Ramaphosa finds his pen: President to sign NHI Bill into law

BREAKING: The Presidency has announced when President Cyril Ramaphosa will be signing the NHI Bill into law.


President Cyril Ramaphosa is expected to sign the contentious National Health Insurance (NHI) Bill into law on Wednesday, 15 May.

The Presidency issued a statement on Monday evening announcing the news in its latest update on progress regarding the signing of the bill.

During his State of the Nation (Sona) address in February, Ramaphosa joked that he was “looking for a pen” to sign it.

“The bill has arrived on my desk. I am going through the bill. I am looking for a pen,” the president said.

Public signing ceremony 

With scarcely three weeks left before the 29 May election and the popularity of the African National Congress (ANC) waning, the president has found his pen.

According to the statement, Ramaphosa will publicly sign the NHI Bill at the Union Buildings in Pretoria.

NHI Bill and universal health coverage

Signing the bill into law will set into motion the government’s plans for universal health coverage by creating a unified health system that provides patients with care that is free at the point of delivery – whether at a public or private facility.

ALSO READ: What happens if Ramaphosa finds a pen and signs the NHI Bill into law?

Gradual roll-out of NHI

During his Sona address, the president revealed that government plans to incrementally implement the NHI, dealing with issues like health system financing, the health workforce, medical products, vaccines and technologies, as well as health information systems.

What will happen to medical aids?

The Health Department has explained that private medical schemes will continue to exist under the NHI system, but “their role will change”.

“When the NHI is fully implemented they will provide cover for services not reimbursable by the NHI Fund,” it said.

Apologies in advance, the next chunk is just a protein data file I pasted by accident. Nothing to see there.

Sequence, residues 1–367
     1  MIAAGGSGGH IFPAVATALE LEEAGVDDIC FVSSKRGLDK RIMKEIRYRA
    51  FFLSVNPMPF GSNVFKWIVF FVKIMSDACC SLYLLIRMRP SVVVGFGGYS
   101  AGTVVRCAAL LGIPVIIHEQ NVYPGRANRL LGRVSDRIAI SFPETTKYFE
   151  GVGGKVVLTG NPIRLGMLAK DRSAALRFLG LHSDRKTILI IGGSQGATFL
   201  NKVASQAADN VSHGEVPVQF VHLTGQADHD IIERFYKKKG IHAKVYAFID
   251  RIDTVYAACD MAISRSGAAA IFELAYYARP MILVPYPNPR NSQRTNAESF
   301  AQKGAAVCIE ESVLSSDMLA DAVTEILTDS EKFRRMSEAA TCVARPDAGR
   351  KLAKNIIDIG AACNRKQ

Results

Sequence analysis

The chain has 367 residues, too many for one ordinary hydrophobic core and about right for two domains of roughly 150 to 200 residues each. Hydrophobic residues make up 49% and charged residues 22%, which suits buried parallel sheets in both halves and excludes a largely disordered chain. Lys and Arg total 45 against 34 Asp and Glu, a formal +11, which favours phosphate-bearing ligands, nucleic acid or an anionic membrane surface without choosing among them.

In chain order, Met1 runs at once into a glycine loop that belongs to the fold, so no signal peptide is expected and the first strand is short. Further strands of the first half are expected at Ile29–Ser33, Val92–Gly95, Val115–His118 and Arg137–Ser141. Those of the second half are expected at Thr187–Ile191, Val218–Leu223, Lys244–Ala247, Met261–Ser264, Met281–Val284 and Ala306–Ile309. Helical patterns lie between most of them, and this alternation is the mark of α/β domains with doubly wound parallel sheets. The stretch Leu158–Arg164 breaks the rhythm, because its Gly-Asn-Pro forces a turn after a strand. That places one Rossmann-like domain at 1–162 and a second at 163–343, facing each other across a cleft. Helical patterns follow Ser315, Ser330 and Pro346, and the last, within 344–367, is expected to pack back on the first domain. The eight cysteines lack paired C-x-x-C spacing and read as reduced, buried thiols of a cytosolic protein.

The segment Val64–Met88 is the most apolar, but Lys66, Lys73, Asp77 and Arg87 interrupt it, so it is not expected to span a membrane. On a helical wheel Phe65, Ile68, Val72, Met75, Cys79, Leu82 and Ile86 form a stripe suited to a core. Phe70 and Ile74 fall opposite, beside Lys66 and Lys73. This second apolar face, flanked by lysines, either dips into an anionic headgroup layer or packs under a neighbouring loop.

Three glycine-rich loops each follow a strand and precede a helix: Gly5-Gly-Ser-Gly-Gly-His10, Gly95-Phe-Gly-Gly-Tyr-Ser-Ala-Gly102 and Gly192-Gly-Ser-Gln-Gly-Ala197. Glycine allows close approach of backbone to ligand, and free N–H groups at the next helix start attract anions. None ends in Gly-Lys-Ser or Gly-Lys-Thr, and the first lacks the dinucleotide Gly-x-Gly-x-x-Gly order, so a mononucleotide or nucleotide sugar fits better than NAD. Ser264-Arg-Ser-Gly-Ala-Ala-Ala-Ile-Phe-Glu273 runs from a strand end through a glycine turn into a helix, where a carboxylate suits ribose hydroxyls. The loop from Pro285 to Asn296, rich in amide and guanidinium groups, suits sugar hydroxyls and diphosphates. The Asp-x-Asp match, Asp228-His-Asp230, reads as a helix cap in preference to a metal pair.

Chances for improved healthcare

The latest move of signing the bill into law sets the stage for a protracted fight with business, healthcare professionals and opposition parties .

A wide range of organisations have however called on Ramaphosa to not sign the NHI Bill into law based on the state of public health in South Africa.

As a major stakeholder in South African health resource distribution, the Health Funders Association (HFA) is a professional body representing medical schemes and almost half the national medical aid membership.

Craig Comrie, chairperson of the HFA, told The Citizen recently that if the NHI Bill is enacted by the president with Section 33, which precludes private health funding involvement, it would have devastating consequences.

“Such a move would erode the current world-class private healthcare system and further threaten the country’s already stretched healthcare provider base.

“Currently, state clinics and hospitals are overwhelmed, struggling to deliver the most basic care, often inadvertently risking lives. If private healthcare can no longer alleviate at least some pressure on the public system, the NHI’s promised reforms will not be realised,” he added.

NOW READ: ‘Hospitals of horror’ report proof ‘NHI is doomed to fail’ – FF+

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